Too many histories of the air war over Europe during World War II concentrate only on the terror of air combat. Overdone, this can leave the reader numb, even bored. Consequently, I have worked to describe not only the horrors of the air battles, but also why, how and by whom those battles were fought. I have also gone to some length to describe the roles of the maintenance and support personnel; not a single bomber would have gotten airborne without them. Indeed, for every airman there were approximately ten men who toiled on the ground to support him. Within these pages, for brevity’s sake, I have included the various support groups under the 303rd’s umbrella. But I believe they merit mention by name at least once. They were the 444th Sub Depot, the 3rd Station Complement Squadron, the 1681st Ordnance Company, the 1199th Military Police Company, the 863rd Chemical Company, the 1114th Quartermaster Company and the 202nd Finance Company.

The 303rd and its support units comprised a bombing organization the size of a large town—approximately four thousand men at any one time. The experienc...

Le informazioni nella sezione "Su questo libro" possono far riferimento a edizioni diverse di questo titolo.

I migliori risultati di ricerca su AbeBooks

1.

Stout, Jay A.
Editore: Penguin Group 2015-01-06 (2015)
ISBN 10: 0425274098 ISBN 13: 9780425274095
Nuovi Rilegato Quantità: 10
Da
BookOutlet
(Thorold, ON, Canada)
Valutazione libreria
[?]

Descrizione libro Penguin Group 2015-01-06, 2015. Hardcover. Condizione libro: New. Hardcover. Publisher overstock, may contain remainder mark on edge. Codice libro della libreria 9780425274095B

Maggiori informazioni su questa libreria | Fare una domanda alla libreria

Compra nuovo
EUR 7,32
Convertire valuta

Aggiungere al carrello

Spese di spedizione: EUR 5,02
Da: Canada a: U.S.A.
Destinazione, tempi e costi

2.

Jay A. Stout
Editore: Penguin Random House
ISBN 10: 0425274098 ISBN 13: 9780425274095
Nuovi Quantità: > 20
Da
INDOO
(Avenel, NJ, U.S.A.)
Valutazione libreria
[?]

Descrizione libro Penguin Random House. Condizione libro: New. Brand New. Codice libro della libreria 0425274098

Maggiori informazioni su questa libreria | Fare una domanda alla libreria

Compra nuovo
EUR 14,78
Convertire valuta

Aggiungere al carrello

Spese di spedizione: EUR 2,93
In U.S.A.
Destinazione, tempi e costi

3.

Stout, Jay A.
ISBN 10: 0425274098 ISBN 13: 9780425274095
Nuovi Quantità: 2
Da
Paperbackshop-US
(Wood Dale, IL, U.S.A.)
Valutazione libreria
[?]

Descrizione libro 2015. HRD. Condizione libro: New. New Book. Shipped from US within 10 to 14 business days. Established seller since 2000. Codice libro della libreria KB-9780425274095

Maggiori informazioni su questa libreria | Fare una domanda alla libreria

Compra nuovo
EUR 14,57
Convertire valuta

Aggiungere al carrello

Spese di spedizione: EUR 3,34
In U.S.A.
Destinazione, tempi e costi

4.

Stout, Jay A.
Editore: Dutton Caliber (2015)
ISBN 10: 0425274098 ISBN 13: 9780425274095
Nuovi Rilegato Quantità: 1
Da
Murray Media
(North Miami Beach, FL, U.S.A.)
Valutazione libreria
[?]

Descrizione libro Dutton Caliber, 2015. Hardcover. Condizione libro: New. Never used!. Codice libro della libreria 0425274098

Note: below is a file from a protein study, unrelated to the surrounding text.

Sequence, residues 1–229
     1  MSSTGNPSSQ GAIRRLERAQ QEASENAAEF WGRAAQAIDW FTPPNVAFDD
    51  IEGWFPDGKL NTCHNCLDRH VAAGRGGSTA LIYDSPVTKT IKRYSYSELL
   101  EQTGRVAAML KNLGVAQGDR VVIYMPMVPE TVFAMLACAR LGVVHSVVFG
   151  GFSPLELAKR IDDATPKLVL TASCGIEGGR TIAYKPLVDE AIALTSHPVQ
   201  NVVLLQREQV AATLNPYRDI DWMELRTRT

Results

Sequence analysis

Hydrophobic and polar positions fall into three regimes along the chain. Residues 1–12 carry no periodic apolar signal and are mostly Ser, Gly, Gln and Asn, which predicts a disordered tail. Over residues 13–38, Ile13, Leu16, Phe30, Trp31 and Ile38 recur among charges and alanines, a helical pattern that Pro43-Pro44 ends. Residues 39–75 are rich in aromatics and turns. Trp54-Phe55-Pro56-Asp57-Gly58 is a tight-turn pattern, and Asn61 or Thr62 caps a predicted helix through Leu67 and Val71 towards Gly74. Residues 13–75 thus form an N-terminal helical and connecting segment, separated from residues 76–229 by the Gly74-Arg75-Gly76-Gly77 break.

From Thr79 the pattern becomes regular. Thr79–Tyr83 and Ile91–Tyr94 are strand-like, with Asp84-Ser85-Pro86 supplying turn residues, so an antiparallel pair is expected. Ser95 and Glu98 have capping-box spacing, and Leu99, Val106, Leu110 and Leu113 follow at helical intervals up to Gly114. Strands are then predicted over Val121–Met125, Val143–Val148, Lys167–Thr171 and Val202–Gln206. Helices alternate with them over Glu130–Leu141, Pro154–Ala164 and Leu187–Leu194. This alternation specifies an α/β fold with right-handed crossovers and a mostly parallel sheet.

Maggiori informazioni su questa libreria | Fare una domanda alla libreria

Compra nuovo
EUR 17,25
Convertire valuta

Aggiungere al carrello

Spese di spedizione: EUR 1,67
In U.S.A.
Destinazione, tempi e costi

5.

Jay A. Stout
Editore: Penguin Putnam Inc, United States (2015)
ISBN 10: 0425274098 ISBN 13: 9780425274095
Nuovi Rilegato Quantità: 1
Da
The Book Depository
(London, Regno Unito)
Valutazione libreria
[?]

Descrizione libro Penguin Putnam Inc, United States, 2015. Hardback. Condizione libro: New. Language: English . Brand New Book. During the air battles that destroyed Nazi Germany s ability to wage war, one bomb group was especially distinguished. The Hell s Angels. At the outbreak of World War II, the United States was in no way prepared to wage war. Although the U.S declared war against Germany in December 1941, the country lacked the manpower, the equipment, and the experience it needed to fight. Even had an invasion force been ready, a successful assault on Nazi-occupied Europe could not happen until Germany s industrial and military might were crippled. Because no invasion could happen without air superiority, the first target was the Luftwaffe--the most powerful and battle-hardened air force in the world. To this end, the United States Army Air Forces joined with Great Britain s already-engaged Royal Air Force to launch a strategic air campaign that ultimately brought the Luftwaffe to its knees. One of the standout units of this campaign was the legendary 303rd Bomb Group--Hell s Angels. This is the 303rd s story, as told by the men who made it what it was. Taking their name from their B-17 of the same name, they became one of the most distinguished and important air combat units in history. The dramatic and terrible air battles they fought against Germany changed the course of the war. Codice libro della libreria AAS9780425274095

Maggiori informazioni su questa libreria | Fare una domanda alla libreria

Compra nuovo
EUR 19,38
Convertire valuta

Aggiungere al carrello

Spese di spedizione: GRATIS
Da: Regno Unito a: U.S.A.
Destinazione, tempi e costi

6.

Jay A. Stout
Editore: Dutton Caliber (2015)
ISBN 10: 0425274098 ISBN 13: 9780425274095
Nuovi Rilegato Prima edizione Quantità: 1
Da
Irish Booksellers
(Rumford, ME, U.S.A.)
Valutazione libreria
[?]